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Home >> ALL ISSUES >> 2018 Issues >> Hemophilia drug interferes with APTT-based assays

Hemophilia drug interferes with APTT-based assays

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Personal stories have underscored the effect of emicizumab on hemophilia patients’ quality of life. “I know of one eight-year-old boy with factor VIII inhibitors who is very proud that he can administer his Hemlibra himself,” Dr. Levy says. Before Hemlibra, the boy needed infusions that could take up to two hours at least three times a week. The half-life of infused factor VIII is only 10 to 12 hours. Another pediatric patient cited by Roche, a co-developer of emicizumab, had experienced scores of debilitating ankle bleeds, but those bleeds stopped once he began receiving emicizumab during clinical trials.

Emicizumab was made possible by scientists at Chugai Pharmaceutical who had an idea, completely novel in 2000, of using a bispecific antibody to replace the function of factor VIII and help restore the blood clotting process, Dr. Levy says. “The scientists were already working on advances in antibody engineering and saw an opportunity to apply this approach to hemophilia A.”

The research leading to emicizumab entailed an extended, needle-in-a-haystack search. “Finding an antibody with the right configuration and properties to mimic factor VIII’s biological activity required screening more than 40,000 antibodies and took nearly 10 years. The molecule that would become Hemlibra was selected as the candidate for clinical trials in 2010,” Dr. Levy says. But all that effort led to a landmark in drug development: “Hemlibra is the first antibody medicine ever developed that replaces the function of a missing or altered protein.”

The clinical development of the drug was done as a partnership between Genentech, Chugai, and Roche (all members of the Roche Group). At the clinical trial phase, Genentech and Roche first studied how people with hemophilia A managed bleeds with their previous treatment options by gathering data in a noninterventional study. “Some of the people in this study went on to enroll in our pivotal studies of Hemlibra, allowing for a first-of-its-kind intrapatient analysis, the first time two prophylactic treatments have been compared prospectively in the same person in a hemophilia study,” Dr. Levy says. So the Hemlibra clinical trial program not only has had an impact on lives of people with hemophilia A but also may help influence the way hemophilia clinical trials are designed in the future, she points out. “In addition, a pivotal clinical trial, HAVEN 1, showed statistically significant results for 13 different bleed-related endpoints.”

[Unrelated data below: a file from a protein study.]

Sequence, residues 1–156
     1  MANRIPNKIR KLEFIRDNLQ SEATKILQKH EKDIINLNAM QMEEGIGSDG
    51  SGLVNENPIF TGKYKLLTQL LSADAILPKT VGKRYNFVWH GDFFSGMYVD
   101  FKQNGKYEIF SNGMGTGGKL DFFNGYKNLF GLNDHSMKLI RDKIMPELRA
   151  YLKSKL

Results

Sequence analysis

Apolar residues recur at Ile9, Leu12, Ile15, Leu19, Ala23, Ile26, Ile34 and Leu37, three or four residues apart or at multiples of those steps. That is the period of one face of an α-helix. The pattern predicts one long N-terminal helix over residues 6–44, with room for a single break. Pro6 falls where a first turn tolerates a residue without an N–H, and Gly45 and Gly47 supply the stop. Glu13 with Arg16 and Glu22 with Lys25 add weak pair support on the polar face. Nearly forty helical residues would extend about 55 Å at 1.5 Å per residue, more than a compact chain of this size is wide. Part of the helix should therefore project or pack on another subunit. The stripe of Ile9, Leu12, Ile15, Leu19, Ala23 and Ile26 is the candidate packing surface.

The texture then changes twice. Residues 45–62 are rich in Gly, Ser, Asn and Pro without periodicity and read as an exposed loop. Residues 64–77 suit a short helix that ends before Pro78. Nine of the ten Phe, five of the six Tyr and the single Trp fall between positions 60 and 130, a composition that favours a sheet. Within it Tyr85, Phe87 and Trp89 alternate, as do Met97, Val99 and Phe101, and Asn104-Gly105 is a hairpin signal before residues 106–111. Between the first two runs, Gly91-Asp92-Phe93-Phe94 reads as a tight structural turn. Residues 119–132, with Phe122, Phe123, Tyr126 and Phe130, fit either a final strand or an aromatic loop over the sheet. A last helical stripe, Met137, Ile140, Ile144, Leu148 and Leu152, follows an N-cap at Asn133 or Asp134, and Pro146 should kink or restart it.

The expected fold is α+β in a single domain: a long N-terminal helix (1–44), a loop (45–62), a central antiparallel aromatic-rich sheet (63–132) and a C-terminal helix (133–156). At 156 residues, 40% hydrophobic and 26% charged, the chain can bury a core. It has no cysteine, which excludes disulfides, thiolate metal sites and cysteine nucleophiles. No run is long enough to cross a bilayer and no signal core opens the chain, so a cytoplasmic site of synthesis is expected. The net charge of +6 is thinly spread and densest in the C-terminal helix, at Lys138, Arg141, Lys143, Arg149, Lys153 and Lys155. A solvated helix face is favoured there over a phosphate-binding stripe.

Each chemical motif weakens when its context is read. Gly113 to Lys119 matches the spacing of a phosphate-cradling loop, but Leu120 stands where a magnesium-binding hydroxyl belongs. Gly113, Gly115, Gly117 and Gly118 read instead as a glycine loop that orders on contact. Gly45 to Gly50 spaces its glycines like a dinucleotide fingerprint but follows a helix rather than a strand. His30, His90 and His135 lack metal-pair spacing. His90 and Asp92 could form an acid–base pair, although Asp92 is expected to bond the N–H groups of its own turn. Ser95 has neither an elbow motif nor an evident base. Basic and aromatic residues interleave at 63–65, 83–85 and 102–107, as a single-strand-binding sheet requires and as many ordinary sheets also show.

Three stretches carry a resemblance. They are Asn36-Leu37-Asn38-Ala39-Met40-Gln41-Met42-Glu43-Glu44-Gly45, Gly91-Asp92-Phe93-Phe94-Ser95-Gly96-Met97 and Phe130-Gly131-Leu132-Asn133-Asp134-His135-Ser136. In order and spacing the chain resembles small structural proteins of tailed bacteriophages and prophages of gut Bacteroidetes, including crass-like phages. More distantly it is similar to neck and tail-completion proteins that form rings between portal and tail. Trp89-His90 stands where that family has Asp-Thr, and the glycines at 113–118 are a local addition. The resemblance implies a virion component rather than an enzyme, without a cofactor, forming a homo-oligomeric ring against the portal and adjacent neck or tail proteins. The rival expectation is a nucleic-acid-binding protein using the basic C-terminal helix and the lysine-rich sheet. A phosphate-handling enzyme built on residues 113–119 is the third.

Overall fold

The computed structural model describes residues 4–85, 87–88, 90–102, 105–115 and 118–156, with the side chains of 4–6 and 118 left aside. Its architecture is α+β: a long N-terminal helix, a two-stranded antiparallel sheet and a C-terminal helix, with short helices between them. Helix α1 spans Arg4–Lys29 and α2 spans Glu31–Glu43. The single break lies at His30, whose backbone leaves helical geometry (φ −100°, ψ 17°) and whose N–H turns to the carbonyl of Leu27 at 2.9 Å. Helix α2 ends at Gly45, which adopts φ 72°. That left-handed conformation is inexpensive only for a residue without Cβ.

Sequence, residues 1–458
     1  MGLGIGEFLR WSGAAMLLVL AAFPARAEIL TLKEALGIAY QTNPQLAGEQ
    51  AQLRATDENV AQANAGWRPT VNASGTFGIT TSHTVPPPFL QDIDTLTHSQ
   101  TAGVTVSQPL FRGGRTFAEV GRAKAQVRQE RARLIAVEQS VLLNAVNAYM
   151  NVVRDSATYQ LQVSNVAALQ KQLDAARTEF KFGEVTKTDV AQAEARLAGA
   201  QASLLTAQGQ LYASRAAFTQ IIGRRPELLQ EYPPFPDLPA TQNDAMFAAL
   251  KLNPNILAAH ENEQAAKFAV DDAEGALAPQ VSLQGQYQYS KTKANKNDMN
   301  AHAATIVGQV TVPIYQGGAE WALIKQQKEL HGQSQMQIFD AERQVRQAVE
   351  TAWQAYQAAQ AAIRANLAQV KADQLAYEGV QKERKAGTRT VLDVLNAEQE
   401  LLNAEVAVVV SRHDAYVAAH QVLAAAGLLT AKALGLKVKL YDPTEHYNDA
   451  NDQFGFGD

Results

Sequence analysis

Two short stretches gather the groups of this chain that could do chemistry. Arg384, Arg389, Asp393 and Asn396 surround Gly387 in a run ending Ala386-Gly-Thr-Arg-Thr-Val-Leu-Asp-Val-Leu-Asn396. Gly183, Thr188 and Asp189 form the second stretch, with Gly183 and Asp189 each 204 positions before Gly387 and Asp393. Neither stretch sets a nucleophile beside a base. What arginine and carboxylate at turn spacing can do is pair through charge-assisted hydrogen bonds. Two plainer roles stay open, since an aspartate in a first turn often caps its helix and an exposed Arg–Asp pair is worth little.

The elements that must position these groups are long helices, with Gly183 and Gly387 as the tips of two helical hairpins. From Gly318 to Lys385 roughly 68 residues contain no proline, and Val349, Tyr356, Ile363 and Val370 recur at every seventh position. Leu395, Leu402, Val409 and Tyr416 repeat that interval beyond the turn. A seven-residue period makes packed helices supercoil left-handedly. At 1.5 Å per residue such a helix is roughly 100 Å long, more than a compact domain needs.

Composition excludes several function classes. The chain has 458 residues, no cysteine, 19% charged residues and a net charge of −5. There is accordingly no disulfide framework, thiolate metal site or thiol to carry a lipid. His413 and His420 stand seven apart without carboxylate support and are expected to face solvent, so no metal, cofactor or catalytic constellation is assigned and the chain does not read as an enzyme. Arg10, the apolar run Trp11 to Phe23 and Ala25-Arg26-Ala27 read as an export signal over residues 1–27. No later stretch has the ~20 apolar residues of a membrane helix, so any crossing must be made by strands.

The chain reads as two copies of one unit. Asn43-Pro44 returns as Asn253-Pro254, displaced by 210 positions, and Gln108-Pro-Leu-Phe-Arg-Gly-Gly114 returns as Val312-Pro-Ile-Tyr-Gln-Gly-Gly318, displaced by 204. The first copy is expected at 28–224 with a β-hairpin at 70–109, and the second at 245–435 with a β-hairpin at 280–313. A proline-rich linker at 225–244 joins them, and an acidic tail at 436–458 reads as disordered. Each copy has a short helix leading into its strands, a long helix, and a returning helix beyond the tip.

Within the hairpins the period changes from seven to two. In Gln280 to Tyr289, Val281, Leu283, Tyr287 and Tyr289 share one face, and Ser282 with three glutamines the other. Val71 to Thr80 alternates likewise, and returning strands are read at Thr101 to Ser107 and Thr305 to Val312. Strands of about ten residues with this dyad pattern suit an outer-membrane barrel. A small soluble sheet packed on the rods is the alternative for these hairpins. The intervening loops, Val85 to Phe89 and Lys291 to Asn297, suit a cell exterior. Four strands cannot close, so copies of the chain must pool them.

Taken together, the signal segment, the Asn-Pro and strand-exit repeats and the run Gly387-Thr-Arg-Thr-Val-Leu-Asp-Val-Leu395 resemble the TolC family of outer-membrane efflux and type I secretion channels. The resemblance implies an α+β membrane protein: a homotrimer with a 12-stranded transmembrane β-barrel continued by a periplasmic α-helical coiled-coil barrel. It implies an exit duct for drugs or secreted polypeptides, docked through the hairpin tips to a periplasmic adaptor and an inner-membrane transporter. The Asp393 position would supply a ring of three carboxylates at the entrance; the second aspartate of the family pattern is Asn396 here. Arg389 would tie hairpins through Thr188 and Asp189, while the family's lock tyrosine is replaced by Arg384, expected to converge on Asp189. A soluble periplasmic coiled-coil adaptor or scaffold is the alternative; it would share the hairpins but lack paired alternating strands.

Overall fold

Hemophilia A patients’ development of antibodies (inhibitors) to factor VIII replacement products is one of the most serious and common adverse events in hemophilia treatment, says Dr. Adcock. “Development of inhibitors occurs in about 33 percent of patients with severe factor VIII deficiency who receive replacement therapy. Once patients develop antibodies, it can be very difficult to treat them and very expensive. The cost of treating patients with factor VIII inhibitors is upwards of $1.5 million per year or more.”

Dr. Adcock

Patients receive factor VIII infusions as a prophylactic measure to prevent spontaneous bleeding or bleeding associated with trauma or everyday activities. But this therapy requires time-consuming intravenous treatment and, despite therapy, patients often experience bleeding into the joints, which can cause disabling arthritis. “The whole social impact is much broader than the cost of the drug,” Dr. Adcock says.

Until emicizumab’s entrance on the scene, clinicians had few effective recourses for patients who develop antibodies to factor VIII, Dr. Adcock notes. “Clinical protocols to treat these patients and to reverse the inhibitor response are not always effective, and they are very costly. One approach to eradicate the inhibitor is immune tolerance induction, where high doses of the replacement factor are administered on a frequent basis. The mechanism by which this may be effective in inhibitor eradication is not known.”

With emicizumab, the cost of treating patients with inhibitors could decline. In April, the nonprofit Institute for Clinical and Economic Review (ICER) released a final evidence report on emicizumab, which evaluated how emicizumab could improve health while lowering costs for certain people with hemophilia. The report concludes, “In assessing the value of treatments for hemophilia, payers should be aware of important benefits and contextual considerations that are not typically captured in cost-effectiveness analyses.”

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